Jeff also worked the floor. He was in his mid-thirties, well-educated and hated Ronald Reagan. He was a strong man and seemed to be preoccupied with a lot on his mind. He had straight shaggy long hair, a mustache and always wore a wide tie. His cowboy boots echoed loudly with a steady rhythm on the concrete basement floor. I always had the uneasy feeling that he was going to launch into a passionate and calamitous philosophical and political diatribe with some unwitting customer who had the misfortune of asking him where he could find the collection of Milton Freidman or Irving Kristol books. Although he was intense and tightly wound, Jeff liked a witty response and joke as much as the next guy and his tightly-clenched jaw could quickly relax into a big smile. We had some good laughs together.

One of the fellows I remember and can visualize, but not remember his name floated back and forth between upstairs and downstairs, depending on workloads or staffing. His wife was in medical school or something intense like that. The two of them attended and were involved with one of the large beautiful protestant churches in Pacific Heights. To this day, I think of him when I see somebody playing tennis on Sunday. He told me once how a friend of theirs rearranged her Sunday tennis routines to start attending their church with them and had found her meaning in life. I wonder if she still feels this way.

The guy who needed the respite the basement offered the most was Reese, a middle-aged man who always wore a tie and vest sweater. He was teaching himself to play the clarinet and would come downstairs on his break to practice. He’d sit on a folding chair out in edges where the dark met the lights. He was awful and he knew that. He sounded like a level 1 grade-school student, held back by the plasticity of a fifty-year old. The acoustics caused by concrete floors and walls didn’t help. We were all at the bookstore for our own purposes, none of which were to deprive anyone of a few minutes to escape into the challenge of learning a musical instrument. Reese received nothing but encouragement from us. I hope he stuck with it and became a master.

The store was managed by Bill, a soft-spoken Asian-American who liked classic literature. His girlfriend also worked there. I can’t remember her name. Bill’s job could not have been easy. The store was in the heart of the Financial District and was busy every weekday. We were still a cash-based economy without inventory theft technology and that alone must have kept him on edge. He was also responsible for book signings and special events. And that is what lead me to writing today.

Patti Smith Winterland May 1978

Patti at Winterland May 1978 singing with her hands. Stephen Harlow also took this photo.

In another instance of it’s a small, small world, I recently learned that in May 1978, more than a year before I moved to San Francisco, my blogging buddy, Virginia Antonelli, had an adventure at the book store. Virginia was a quick nod and a smile away from her trip to the book store becoming an ADVENTURE OF A LIFETIME, when Patti Smith was in town to play at Bill Graham’s Winterland and promote her poetry book, Babel.  For a great story, read about it here.

Virginia’s Lame Adventures blog posts are sure to bring you a smile, chuckle or full-belly laugh, depending on her topic and your own sense of humor. When she’s not writing excellent blog posts, slogging it out on the New York subway, grinding it out at THE GRIND or enjoying New York’s theaters, she beats clogged city streets by flying over Central Park in an Ann Taylor outfit. No kidding. You can see that photo for yourself right here. Tell her I said hello.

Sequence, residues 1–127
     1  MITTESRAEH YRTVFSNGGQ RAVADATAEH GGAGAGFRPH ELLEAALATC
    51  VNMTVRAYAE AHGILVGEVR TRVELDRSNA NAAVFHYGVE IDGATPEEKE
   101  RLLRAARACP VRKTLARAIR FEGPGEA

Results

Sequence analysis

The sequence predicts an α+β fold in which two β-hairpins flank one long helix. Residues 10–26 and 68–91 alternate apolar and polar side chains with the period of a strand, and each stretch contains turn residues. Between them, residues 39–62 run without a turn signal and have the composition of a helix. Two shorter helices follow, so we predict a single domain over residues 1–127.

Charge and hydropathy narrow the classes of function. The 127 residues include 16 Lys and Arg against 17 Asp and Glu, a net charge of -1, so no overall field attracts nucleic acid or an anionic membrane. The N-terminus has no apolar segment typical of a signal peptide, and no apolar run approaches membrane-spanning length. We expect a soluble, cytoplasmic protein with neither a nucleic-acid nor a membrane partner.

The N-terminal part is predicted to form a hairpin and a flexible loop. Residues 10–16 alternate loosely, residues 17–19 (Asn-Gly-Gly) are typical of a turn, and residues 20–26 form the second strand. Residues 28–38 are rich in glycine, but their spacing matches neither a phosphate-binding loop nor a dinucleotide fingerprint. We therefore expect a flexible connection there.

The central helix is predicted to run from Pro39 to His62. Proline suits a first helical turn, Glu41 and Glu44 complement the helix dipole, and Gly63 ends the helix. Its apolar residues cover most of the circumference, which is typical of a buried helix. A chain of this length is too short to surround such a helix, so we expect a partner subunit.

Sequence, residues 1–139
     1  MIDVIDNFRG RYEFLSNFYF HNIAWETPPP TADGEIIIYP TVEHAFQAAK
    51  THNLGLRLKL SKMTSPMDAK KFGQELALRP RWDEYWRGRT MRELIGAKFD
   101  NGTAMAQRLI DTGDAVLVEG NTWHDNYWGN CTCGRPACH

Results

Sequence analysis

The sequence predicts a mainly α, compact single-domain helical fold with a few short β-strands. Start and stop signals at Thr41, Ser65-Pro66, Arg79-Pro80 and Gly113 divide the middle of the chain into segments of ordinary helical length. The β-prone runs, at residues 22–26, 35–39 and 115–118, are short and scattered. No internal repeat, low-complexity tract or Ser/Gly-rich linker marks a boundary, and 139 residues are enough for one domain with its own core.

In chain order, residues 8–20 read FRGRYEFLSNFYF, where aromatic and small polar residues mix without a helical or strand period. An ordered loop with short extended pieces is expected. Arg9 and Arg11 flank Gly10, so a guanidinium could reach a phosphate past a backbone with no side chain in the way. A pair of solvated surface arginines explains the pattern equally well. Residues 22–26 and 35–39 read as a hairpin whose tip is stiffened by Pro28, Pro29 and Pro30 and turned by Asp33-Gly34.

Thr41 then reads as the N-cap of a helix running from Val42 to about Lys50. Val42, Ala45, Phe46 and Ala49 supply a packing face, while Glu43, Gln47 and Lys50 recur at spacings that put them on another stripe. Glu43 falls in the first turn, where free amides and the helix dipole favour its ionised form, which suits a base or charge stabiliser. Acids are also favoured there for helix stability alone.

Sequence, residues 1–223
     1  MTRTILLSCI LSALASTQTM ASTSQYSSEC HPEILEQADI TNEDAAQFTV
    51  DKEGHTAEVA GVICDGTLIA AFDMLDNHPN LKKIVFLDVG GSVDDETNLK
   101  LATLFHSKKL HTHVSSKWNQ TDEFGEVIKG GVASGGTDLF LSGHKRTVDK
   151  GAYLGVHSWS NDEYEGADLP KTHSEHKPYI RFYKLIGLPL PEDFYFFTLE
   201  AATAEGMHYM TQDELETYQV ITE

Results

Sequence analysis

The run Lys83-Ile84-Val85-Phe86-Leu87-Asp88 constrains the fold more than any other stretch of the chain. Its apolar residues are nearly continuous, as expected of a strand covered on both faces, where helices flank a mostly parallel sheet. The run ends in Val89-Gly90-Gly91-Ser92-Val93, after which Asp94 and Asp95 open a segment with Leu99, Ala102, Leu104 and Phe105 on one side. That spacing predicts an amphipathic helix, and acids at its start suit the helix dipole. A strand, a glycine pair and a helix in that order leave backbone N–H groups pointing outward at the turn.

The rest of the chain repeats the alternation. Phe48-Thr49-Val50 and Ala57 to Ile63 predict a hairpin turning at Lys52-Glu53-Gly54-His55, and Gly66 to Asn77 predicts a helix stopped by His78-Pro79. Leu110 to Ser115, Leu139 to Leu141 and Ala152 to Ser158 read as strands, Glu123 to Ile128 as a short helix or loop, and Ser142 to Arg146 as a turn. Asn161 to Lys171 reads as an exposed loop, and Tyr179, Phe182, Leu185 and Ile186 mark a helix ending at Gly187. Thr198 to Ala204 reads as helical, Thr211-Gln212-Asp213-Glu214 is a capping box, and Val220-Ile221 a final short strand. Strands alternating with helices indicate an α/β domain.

If you want more, go buy her book. The book store on Sutter and Kearny Streets closed years ago. But you can buy it at Amazon.

patti-profile Lame Adventure

This is Virginia’s photo.


  1. When people enter our lives, for good or for bad, they change the roads taken up ahead.


    • These people were in my life for such a short time, but for some reason I still can remember them. I suppose it is because of my age at the time and that I was new to San Francisco and some of the first people I met here. The store’s basement was our hang-out.


  2. permalink

    Bruce, here I am concentrating on the Business of life and then interrupted by your bit of poetry, I’m lost for half a day… B.

    Sent from my iPhone


  3. I used to spend a lot of time in San Francisco; I am pretty sure I was in that bookstore in the 1980’s. I was around the Financial District a lot and have a penchant for books… nice piece.


    • You most likely were, as it was the largest bookstore downtown at the time. Lots of people stopped in during their lunch breaks.


  4. Bruce what an interesting and lively tale. I have visited San Francisco only once but sadly didn’t visit any bookstores!


    • Hello Rebecca, there’s a lot more to San Francisco than bookstores. I hope that you had a lovely time during your visit. Like most towns, bookstores aren’t as common in SF as they once were.


      • Yes it was wonderful albeit way back in 1990! Bookstores are declining here in Shrewsbury UK too, which is a real shame. Perhaps, like vinyl records people will tire of digital books and they will have their time again.


        • 1990 = way back. For sure.

          Who can say about the future of books, but I think they will end up a niche market, maybe even a luxury item.


  5. Unpacking box after box of new books sounds like a dream job. Especially if there was a soft chair you could curl up and read them in. I’m betting that wasn’t the case though…


    • It was a great job for a young man curious about the world. Everyone there liked books. It’s funny, just as I am writing this, I remembered another guy who came to the basement. He was a NYC native who came to SF to write his book. I can’t think of his name, however.